Simulation

Report
Simulation
1
Overview of Simulation
– When do we prefer to develop simulation model over an
analytic model?
• When not all the underlying assumptions set for analytic
model are valid.
• When mathematical complexity makes it hard to provide
useful results.
• When “good” solutions (not necessarily optimal) are
satisfactory (In general it is the interest of the Enterprises).
- A simulation develops a model to numerically evaluate a system
over some time period.
- By estimating characteristics of the system, the best alternative
from a set of alternatives under consideration (sceneries) can be
selected.
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Overview of Simulation
– Continuous simulation systems monitor the system
each time a change in its state takes place.
- Discrete simulation systems monitor changes in a
state of a system at discrete points in time.
Simulation of most practical problems requires the use
of a computer program.
–
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Overview of Simulation
– Approaches to developing a simulation model
• Using add-ins to Excel such as @Risk or Crystal Ball
• Using general purpose programming languages such as:
FORTRAN, PL/1, Pascal, Basic.
• Using simulation languages such as GPSS, SIMAN, SLAM.
• Using a simulator software program (ARENA, SIMUL8,
PROMODEL).
- Modeling and programming skills, as well as knowledge of
statistics are required when implementing the simulation
approach.
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Monte Carlo Simulation
• Monte Carlo simulation generates random events.
• Random events in a simulation model are needed when
the input data includes random variables.
• To reflect the relative frequencies of the random
variables, the random number mapping method is
used.
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JEWEL VENDING COMPANY –
an example for the random mapping
technique
• Jewel Vending Company (JVC) installs and stocks
vending machines.
• Bill, the owner of JVC, considers the installation of a
certain product (“Super Sucker” jaw breaker) in a
vending machine located at a new supermarket.
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Bill would like to estimate the
expected number of days it takes
for a filled machine to become half empty.
JEWEL VENDING COMPANY
• Data
– The vending machine holds 80 units of the product.
– The machine should be filled when it becomes half empty.
Daily demand distribution is estimated from similar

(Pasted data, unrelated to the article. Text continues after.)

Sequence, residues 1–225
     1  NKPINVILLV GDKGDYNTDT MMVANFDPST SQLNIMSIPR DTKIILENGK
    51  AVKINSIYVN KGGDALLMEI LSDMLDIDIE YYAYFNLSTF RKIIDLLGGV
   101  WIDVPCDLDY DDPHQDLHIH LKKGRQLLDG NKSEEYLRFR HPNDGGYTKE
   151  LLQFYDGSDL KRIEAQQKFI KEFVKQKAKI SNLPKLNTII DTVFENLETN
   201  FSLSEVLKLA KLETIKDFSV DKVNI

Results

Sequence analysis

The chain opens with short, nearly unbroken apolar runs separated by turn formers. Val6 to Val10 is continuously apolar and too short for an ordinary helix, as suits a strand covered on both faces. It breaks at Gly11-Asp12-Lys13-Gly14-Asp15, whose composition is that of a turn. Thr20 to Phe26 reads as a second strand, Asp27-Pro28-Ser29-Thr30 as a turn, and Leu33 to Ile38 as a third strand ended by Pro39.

vending machine placements.
P(Daily demand = 0 jaw breakers) = 0.10
P(Daily demand = 1 jaw breakers) = 0.15
P(Daily demand = 2 jaw breakers) = 0.20
P(Daily demand = 3 jaw breakers) = 0.30
P(Daily demand = 4 jaw breakers) = 0.20
P(Daily demand = 5 jaw breakers) = 0.05
–
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Random number mapping –
The Probability function Approach
Random number mapping uses the probability function
to generate random demand.
A number between
00 and 99 is selected
randomly.
0.10
00-09
0
34
34
34
34
0.20
34
0.15 34
34
3434
10-25
1
26-44
2
26-44
The daily demand is
determined by the mapping
demonstrated below.
0.30
0.20
45-74
3
75-94
4
0.05
95-99
5
Demand
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Random number mapping –
The Cumulative Distribution Approach
F(X)
1.00
Daily demand
X is determined by
the random number Y between
0 and 1, such that X is the
smallest value for which F(X) Y.
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1.00
0.95
0.75
0.45
Y = 0.34
0.34
F(1) = .25 < .34
F(2) = .45 > .34
0.25
0.10
0.00
0
1
2
3
4
5
9
X
Simulation of the JVC
Problem
• A random demand can be generated by hand (for
small problems) from a table of pseudo random
numbers.
• Using Excel a random number can be generated by
– The RAND() function
– The random number generation option
(Tools>Data Analysis)
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Simulation of the JVC Problem

An illustration of generating a daily random demand.

Since we have two digit probabilities, we use the first two
digits of each random number.
Random
Number
6506
7761
6170
8800
4211
7452
Day
1
2
3
4
5
6
00-09
0
10-25
1
Two First
Digits
65
77
61
88
42
74
Demand
3
4
3
4
2
3
26-44
45-74
75-94
2
33
4
Total Demand
to Date
3
7
10
14
16
19
95-99
5
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Simulation of the JVC Problem
Simulation is repeated and stops once
total demand reaches 40 or more.
Day
1
2
3
4
5
6
Random
Number
6506
7761
6170
8800
4211
7452
Two First
Digits
65
77
61
88
42
74
Total Demand
Demand
to Date
3
3
4
7
46
3
10
4
14
2
16
3
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The number of 05 “simulated” days required for
the total demand to reach 40 or more is recorded.
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Simulation Results and Hypothesis Tests
– The purpose of performing the simulation runs
is to find the average number of days required
to sell 40 jaw breakers.
– Each simulation run ends up with (possibly) a
different number of days.
Hypothesis test is conducted to test
whether or not average number of days = 16.
Null hypothesis H0 : average number of days = 16
Alternative hypothesis HA : average number of days  16
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Simulation Results and Hypothesis Tests
– The test:
• Define a(the significance level).
• Let n be the number of replication runs.
•Build the t-statistic
t
X 
s/ n
The t-statistic can be used if the random variable observed
(number of day required for the total demand to be 40 or more) is
normally distributed, while the standard deviation is unknown.